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Four effective tips to getting out of debt

December 2019

If you have debt, you’re not alone. Whether it’s a mortgage, student loan or credit card balance, many people share your frustration, especially since debt can negatively impact your credit score, and prevent you from getting a loan.

…Now for the good news: paying off your balances is easier than you may think. You won’t find any shortcuts to debt relief, but you can achieve it faster by using a few proven tactics:

1. Calculate the total cost of what you owe

A credit card balance is only part of what you owe. To see the big picture, you have to add up all of the card’s additional fees.

Let’s start with APR (Annual Percentage Rate). The APR is the interest that creditors charge you. It varies wildly and can change seemingly overnight. Miss a payment or two, and the rate may quickly blow up. Some credit card companies may offer a low introductory rate to entice you, only to increase it dramatically after a few months.

Check out this example to see how APR affects your debt:

A card balance of $2,000 with a rate of 14% and monthly payment of $50 has a finance charge of $709.75 over time.

That same balance and monthly payment with an APR of 29% has a much higher finance charge of $5,121.84, and takes significantly longer to pay off.

And don’t forget your credit card’s annual fee, ranging from $0 to $50 (or more) each year. Additionally, if you neglect to pay your bill on time, you’ll be assessed a late fee, typically between $15 and $35.

If you’re already close to your credit limit, a single late fee may push you over. You’ll be charged an additional over-the-limit fee of $15 to $35 per month until you pay the balance down.

2. Make more than the minimum payments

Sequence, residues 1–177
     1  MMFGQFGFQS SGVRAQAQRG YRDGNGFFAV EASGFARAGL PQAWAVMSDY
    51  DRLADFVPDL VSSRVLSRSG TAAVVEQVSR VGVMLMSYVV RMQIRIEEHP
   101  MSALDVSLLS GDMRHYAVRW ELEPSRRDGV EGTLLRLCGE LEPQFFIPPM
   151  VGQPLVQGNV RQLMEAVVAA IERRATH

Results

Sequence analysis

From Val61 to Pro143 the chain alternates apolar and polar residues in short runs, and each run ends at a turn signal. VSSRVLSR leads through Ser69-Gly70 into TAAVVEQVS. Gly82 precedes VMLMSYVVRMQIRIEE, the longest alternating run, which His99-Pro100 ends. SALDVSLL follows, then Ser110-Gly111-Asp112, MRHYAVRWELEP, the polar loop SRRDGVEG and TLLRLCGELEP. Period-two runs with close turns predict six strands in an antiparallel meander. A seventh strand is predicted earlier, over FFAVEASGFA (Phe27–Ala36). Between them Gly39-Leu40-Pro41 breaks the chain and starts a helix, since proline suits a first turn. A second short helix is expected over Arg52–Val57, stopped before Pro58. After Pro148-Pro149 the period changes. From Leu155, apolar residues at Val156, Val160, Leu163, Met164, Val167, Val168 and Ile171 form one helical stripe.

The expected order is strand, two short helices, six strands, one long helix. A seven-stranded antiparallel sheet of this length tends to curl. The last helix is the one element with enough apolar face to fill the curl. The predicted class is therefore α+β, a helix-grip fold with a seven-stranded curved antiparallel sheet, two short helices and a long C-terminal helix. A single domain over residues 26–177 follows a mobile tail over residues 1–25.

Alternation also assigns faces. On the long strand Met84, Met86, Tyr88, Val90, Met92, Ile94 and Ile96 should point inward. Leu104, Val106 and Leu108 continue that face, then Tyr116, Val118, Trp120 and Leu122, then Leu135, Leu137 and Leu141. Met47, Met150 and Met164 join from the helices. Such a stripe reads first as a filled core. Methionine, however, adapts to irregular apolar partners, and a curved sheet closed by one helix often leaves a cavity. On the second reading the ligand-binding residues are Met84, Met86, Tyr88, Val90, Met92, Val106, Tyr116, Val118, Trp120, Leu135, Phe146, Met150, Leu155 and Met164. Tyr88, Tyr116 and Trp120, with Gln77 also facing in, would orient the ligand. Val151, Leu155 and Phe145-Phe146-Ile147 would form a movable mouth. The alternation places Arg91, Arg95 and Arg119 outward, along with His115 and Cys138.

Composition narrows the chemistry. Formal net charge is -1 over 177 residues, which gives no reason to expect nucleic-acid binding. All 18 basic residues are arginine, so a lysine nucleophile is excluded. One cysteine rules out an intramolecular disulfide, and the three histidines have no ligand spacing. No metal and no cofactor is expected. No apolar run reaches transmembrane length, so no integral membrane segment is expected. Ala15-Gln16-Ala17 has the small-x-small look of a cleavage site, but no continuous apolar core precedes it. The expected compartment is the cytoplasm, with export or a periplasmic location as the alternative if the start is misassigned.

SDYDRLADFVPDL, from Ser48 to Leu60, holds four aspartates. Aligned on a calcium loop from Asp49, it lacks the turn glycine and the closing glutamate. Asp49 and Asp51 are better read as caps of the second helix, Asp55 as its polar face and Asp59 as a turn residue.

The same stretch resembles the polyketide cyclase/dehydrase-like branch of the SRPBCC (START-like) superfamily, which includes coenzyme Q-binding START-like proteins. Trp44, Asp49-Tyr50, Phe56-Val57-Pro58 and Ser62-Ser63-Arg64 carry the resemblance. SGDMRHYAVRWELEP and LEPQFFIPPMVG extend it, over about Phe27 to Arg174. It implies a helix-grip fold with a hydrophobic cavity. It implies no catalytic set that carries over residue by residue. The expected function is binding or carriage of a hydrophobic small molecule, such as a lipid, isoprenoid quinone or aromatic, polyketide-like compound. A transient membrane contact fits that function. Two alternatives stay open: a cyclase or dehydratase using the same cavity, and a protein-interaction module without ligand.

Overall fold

Making only the minimum payments on your balances every month guarantees that you’ll stay in debt for longer. The older your debt, the more interest you have to pay on it, thereby increasing the total cost of what you owe.

Here’s an example: If you have $10,000 in credit card debt at 15% interest, and make the minimum payment of $200 per month, it will take you 79 months to pay it off. It will also cost you $5,805 in interest.

Now consider that same balance ($10,000) and rate (15%), but double the monthly payment to $Four00. You cut your repayment time by more than half, from 79 to 31 months, and save a whopping $3,730 in interest.

3. Set a budget

Of course, the fastest way to reducing the total cost of debt and repayment time is to increase your monthly payment, but it also requires careful planning. By creating a budget, you can organize and prioritize your monthly expenses, freeing up more cash to put towards your debt.

Struggling to increase your monthly payment? Ask your creditors to lower your interest rate. If you have good credit, they’ll probably consider it. Also, check with your credit union to see if it offers accounts with lower interest rates. Transferring your high-interest balances will cut down what you owe.

4. Try the Snowball Payment Method

After you’ve set a budget for a higher monthly payment, build on the momentum and try the Snowball Payment Method. Check the statements for your different accounts, compare finance charges, and figure out which card is costing you the most.

Going forward, start paying the lower-cost cards only the minimum monthly payment. Take the extra money from your budget, and put it towards your most expensive creditor.

Once the most expensive card is paid off, roll that payment into your second most expensive account, and so on.

You can also apply the Snowball Payment Method in reverse. Instead of targeting your most expensive credit card, focus on your least costly creditor. You won’t save as much money, but paying off smaller debts first can motivate you to tackle the bigger ones later, and leave you with fewer bills to pay.

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